Camp Givah, the day camp I attended for seven years and staffed for six, has had a monster-in-residence for much of its fifty-plus-year history. The leaves in the lake are the Givah Monster’s hair, which is why wise campers should keep their hands in the boat. Clothes that are left out will be eaten by the Givah Monster, and he’s to blame for any and all missing items. He has sharp teeth and green fur, or maybe orange or purple. I can recall only one instance in all my years there of a child being scared of the Givah Monster. Mostly, what I remember is eager camper participation in the legend. The kids might not have fully acknowledged that the monster wasn’t real, but they knew that they could make up details about him, as evidenced by the many camper-penned articles about him and interviews with him that appeared in the camp newsletter. (I will neither confirm nor deny that I threatened other counselors with Givah Monster consumption if they were late with their articles.)

Once you know deep down what’s not real, you can have fun with it. You can try to badger your counselor into telling you whether the Givah Monster really exists without actually thinking he’ll bite off your fingers. You can believe in a place of escape and Wild Things, a fairy who comes into your room and takes your teeth, or a guy who uses your chimney as an entry point, and it’s all safe.

I suspect Mr. Barnett was a great counselor.

Shoshana Flax: As Banned Books Week approaches…

From: Walk the Ridgepole
September 28, 2012 at 02:15PM

…I give you the ALA’s list of the most frequently challenged books last year.

A few observations:

It’s not an entirely comfortable list. It’s easy to expect that books only get challenged for being too progressive, too sexy, too full of bad words, and in those cases, the counterarguments flow smoothly. Kids (and adults) have the right to think for themselves and to explore new ideas in a safe environment, they’re seeing it all on the Internet anyway, et cetera, et cetera. But three books in the top ten were challenged for racism. A book in question may aim to show that racism is wrong, but who am I to say that no one should feel uncomfortable with the way a race is discussed or portrayed, for any purpose?

But that’s sort of the point of Banned Books Week and the movement against censorship. Books get to be here even if someone doesn’t like them, no matter who that someone is. Censorship is not always a neat liberal/conservative issue, and defending the right to write and to read can mean defending books we don’t agree with. Yes, this might mean defending Gossip Girl or something like it. (Defending does not necessarily mean praising.)

Item 3, the Hunger Games trilogy, highlights for me how individual these cases are, and how silly it is to ask whether a book is appropriate for an audience at large. I’ve been asked pretty frequently whether these books are appropriate for a(n) [eight, nine, ten, eleven, twelve, thirteen, fourteen]-year-old, and my response is to explain the premise and then say, “You probably know better than I do whether that’s something (s)he can handle.” (Interestingly, when I add, “There is a lot of violence, but there’s no sexual content,” a lot of these parents seem reassured enough to seriously consider the books.)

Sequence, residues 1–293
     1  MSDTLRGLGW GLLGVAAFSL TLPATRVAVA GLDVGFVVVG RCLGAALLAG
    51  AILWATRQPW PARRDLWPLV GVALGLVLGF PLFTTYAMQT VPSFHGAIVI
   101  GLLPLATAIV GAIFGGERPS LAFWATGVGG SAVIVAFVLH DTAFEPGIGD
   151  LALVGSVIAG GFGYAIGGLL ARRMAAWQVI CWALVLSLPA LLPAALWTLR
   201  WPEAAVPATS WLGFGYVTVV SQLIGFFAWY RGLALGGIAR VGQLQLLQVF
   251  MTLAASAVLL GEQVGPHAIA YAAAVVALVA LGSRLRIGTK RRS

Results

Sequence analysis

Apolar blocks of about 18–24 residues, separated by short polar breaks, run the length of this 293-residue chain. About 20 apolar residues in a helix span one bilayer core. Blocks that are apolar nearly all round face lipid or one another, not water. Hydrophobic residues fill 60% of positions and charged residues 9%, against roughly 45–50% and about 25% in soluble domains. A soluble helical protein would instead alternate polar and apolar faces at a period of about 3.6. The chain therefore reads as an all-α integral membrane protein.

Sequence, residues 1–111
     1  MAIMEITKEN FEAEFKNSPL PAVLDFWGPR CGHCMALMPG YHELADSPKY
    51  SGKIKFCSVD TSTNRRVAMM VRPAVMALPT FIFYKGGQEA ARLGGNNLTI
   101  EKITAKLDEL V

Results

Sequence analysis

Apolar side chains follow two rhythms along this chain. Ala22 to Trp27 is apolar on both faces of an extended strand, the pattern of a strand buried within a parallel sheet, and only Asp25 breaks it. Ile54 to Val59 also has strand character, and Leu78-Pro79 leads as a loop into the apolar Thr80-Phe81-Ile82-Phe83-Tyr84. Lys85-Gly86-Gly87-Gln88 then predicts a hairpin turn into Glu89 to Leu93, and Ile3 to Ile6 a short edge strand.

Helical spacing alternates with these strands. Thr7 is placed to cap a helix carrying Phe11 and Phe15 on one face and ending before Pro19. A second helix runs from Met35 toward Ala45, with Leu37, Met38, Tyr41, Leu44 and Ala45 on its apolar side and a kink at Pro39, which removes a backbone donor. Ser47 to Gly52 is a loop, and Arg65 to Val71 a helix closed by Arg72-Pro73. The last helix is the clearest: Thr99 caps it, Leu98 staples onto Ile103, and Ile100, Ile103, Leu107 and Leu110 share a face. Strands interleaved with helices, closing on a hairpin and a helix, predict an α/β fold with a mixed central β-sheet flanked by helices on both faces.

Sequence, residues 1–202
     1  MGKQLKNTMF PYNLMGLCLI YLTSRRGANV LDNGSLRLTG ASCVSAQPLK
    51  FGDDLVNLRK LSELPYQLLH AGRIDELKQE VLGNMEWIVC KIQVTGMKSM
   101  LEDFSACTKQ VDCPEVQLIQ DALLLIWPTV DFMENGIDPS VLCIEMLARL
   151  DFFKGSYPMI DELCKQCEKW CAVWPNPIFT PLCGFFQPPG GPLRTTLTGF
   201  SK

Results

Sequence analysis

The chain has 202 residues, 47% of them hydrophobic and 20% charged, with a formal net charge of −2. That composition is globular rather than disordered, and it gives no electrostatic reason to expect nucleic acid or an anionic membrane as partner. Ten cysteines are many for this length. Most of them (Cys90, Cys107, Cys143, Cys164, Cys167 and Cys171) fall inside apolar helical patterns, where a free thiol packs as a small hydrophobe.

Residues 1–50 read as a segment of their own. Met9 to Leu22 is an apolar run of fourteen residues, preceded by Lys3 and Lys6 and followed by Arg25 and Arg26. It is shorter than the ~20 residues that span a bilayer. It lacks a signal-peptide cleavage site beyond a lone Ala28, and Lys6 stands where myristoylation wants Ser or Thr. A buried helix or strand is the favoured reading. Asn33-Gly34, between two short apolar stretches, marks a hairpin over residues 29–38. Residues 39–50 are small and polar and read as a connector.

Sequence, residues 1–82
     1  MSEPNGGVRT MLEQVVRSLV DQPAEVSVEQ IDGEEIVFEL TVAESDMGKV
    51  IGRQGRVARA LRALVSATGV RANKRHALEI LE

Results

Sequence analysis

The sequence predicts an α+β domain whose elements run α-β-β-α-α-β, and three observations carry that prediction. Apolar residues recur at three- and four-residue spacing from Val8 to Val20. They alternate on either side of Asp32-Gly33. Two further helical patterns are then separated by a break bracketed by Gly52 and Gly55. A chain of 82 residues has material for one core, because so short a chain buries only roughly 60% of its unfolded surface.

I haven’t read any of the ttyl books, but now I want to. In the meantime, Alice in the Know has been on my to-read shelf for a good while; thanks, would-be censors, for the excuse to read it between September 30 and October 6.


I’ll be at the Boston Globe-Horn Book Awards, still blown away by Code Name Verity. Hope I’ll see some of you there!

Shoshana Flax: An informal poll

From: Walk the Ridgepole
September 13, 2012 at 07:35PM

For any of you who tend to read while surrounded by strangers, i.e. on public transportation:

A) How often, if ever, do you get comments or questions from strangers about what you’re reading?

B) Would most of your reading material generally be categorized as adult, or as children’s and/or young adult? (Bonus question: Are you generally categorized as an adult, an adolescent, or a child?)

C) Do you have an e-reader?

I ask because it’s been brought to my attention that A is more dependent on B than I thought. (I’ve added C because I’m sure it plays a role, though I personally find that seeing an e-reader makes me curious about what someone’s reading.) In a bookstore and in many of the other book-centric environments where I’ve spent time, it’s not terribly unusual to jump into someone’s conversation about a book. So I didn’t think it was that strange when the passenger next to me remarked, in an ostensibly friendly way, on how few words The One and Only Ivan had per page.  Another non-cover-based conversation about the open copy of Jake and Lily on my lap ended nonsensically with, “At least it’s not a bad Shakespeare novel” (huh?), but still, friendly. The guy who wondered if I thought the war-centered Dear Blue Sky was “too jejune” clearly had a chip on his shoulder, so I shrugged him off mine. There was also a Fourth of July encounter based more on the fact that I was reading, but even I’ll admit that that was a little unusual amidst that evening’s revelry. And The Diviners is noticeably huge.

But I mentioned one or two of these stories to a few friends–also very frequent readers, also women around my age–and the response was that they’ve never had a similar encounter, or that it’s happened once in five years in Boston. The above list of my own encounters comes from about the past six months. The only first-glance difference between the friends I questioned and myself? They primarily read adult books, and I’d say about eighty percent of my reading is kids’ and YA books.

I’m not sure what to take from this obviously anecdotal observation. Are people just reacting to the incongruity of an adult reading children’s books? Does my reading material make me seem more approachable? “Too jejune” guy aside, it hasn’t seemed like my fellow passengers were trying to make themselves feel superior, but were they?